Thoughtful members of the Libertarian Party will try to come up with careful solutions to externalities that do not require the initiation of force or fraud. But I doubt their neighbors will put up with such careful solutions. If the government does not appear to protect them, they will take matters into their own hands.
And that's the reason people generally have governments and put up with governments — to protect people from each other, and from themselves. Protection sometimes requires the initiation of force to deal with externalities.
The libertarian ideal, as represented by the Libertarian Party pledge, simply won't work.
People who think of themselves as libertarians often focus on a few pet issues instead of always advocating a libertarian approach to everything. They think the government should stop fighting the War on Drugs, or the War in Iraq. They think the government should stop regulating the ownership of personal firearms. They think the government should stop wasting tax dollars on welfare programs or busywork. They think income redistribution is unfair to the people who make the income and destroys the incentive to work. They think government control of the currency leads to inflation. They think the income tax system intrudes into people's private affairs. They think environmental regulations are unimportant or foolish.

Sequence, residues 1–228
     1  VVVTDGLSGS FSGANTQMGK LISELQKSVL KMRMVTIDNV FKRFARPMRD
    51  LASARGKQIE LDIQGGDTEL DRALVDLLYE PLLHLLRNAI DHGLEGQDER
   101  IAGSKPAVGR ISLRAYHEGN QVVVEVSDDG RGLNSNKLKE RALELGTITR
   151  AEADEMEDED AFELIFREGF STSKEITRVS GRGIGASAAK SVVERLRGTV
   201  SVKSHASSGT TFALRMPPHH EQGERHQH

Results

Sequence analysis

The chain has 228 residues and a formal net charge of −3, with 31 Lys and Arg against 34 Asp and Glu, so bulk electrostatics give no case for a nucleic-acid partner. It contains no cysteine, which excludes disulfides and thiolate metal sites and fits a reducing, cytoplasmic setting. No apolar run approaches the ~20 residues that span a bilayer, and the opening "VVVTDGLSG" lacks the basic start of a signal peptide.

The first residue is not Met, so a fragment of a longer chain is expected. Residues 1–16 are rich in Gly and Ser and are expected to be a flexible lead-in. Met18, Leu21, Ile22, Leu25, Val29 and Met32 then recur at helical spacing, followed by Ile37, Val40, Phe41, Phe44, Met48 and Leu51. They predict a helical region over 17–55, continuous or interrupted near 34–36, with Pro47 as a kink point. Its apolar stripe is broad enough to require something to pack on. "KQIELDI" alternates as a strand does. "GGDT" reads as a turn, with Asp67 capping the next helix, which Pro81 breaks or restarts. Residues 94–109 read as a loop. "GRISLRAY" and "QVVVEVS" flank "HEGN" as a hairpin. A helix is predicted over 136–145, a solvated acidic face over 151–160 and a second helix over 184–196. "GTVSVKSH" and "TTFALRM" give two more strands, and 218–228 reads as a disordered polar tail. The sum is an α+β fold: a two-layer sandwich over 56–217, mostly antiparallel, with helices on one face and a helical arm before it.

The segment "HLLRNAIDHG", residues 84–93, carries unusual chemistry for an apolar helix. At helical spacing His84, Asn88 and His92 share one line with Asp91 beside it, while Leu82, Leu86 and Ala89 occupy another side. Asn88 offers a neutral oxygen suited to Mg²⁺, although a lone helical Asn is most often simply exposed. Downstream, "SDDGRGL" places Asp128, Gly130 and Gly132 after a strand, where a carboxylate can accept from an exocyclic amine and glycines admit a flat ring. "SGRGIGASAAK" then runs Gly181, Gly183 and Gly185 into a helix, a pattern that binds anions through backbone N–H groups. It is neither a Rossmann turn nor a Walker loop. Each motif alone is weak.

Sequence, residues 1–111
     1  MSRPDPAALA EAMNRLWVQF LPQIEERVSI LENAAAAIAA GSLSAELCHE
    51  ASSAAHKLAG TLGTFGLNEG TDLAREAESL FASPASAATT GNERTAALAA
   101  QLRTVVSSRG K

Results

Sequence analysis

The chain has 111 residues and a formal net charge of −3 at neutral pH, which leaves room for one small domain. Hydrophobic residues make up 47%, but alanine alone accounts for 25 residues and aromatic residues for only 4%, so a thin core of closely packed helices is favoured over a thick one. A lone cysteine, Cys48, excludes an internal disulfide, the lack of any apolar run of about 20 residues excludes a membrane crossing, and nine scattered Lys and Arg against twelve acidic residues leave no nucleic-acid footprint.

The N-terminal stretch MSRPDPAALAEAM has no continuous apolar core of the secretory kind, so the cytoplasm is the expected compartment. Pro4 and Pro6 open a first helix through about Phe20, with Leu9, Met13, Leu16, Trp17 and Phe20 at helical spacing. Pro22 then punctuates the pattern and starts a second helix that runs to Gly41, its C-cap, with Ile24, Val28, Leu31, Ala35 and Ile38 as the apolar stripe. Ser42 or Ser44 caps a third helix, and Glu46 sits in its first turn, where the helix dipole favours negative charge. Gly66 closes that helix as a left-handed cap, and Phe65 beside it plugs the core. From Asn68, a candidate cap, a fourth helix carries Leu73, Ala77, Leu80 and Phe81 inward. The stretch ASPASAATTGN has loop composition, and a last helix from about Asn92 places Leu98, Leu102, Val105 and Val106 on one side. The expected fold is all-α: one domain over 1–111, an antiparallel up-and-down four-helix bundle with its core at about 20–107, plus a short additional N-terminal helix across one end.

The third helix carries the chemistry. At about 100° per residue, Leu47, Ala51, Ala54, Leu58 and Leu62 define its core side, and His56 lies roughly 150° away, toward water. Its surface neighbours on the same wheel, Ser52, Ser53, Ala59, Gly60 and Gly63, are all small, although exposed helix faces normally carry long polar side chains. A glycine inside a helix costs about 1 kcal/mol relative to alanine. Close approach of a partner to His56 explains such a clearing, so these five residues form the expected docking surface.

As a group, libertarians usually think that government should be as small and unintrusive as possible, or that government itself would be unnecessary in a truly free society.
I am sympathetic to these thoughts. But there will always be some humans who have more power than other humans, and the humans with more power will always be tempted to use that power to make life better for themselves regardless of how others are affected or annoyed. If you put a bunch of dedicated libertarians in control of the government, disputes would still arise over whether they were governing too much or too little. For example, some libertarians think that downloading music should not be a crime. Other libertarians respect intellectual property rights. It is not always possible to get libertarians to agree with each other on how their libertarian ideals should operate in the real world. Every government, even one of Libertarians for Libertarians, will have its critics that it is doing too much or too little.
Is Angry Bear right then? Are members of the Libertarian Party "idiots"?
Well, there is no idealistic political theory that will stand up to political realities. No government can properly regulate all externalities, and every government will regulate behaviors that have no externalities. That's simply the way life is. Wishing that an idealistic politics could work is not idiocy ... it is idealism. And everybody has at least a little bit of idealism inside. We're all idiotic from time to time.
The real question is what to do about politics, knowing that governments are imperfect, knowing that each of us is relatively powerless as compared to the government or the mob it often protects us from. That question is not so easy to frame, or to answer.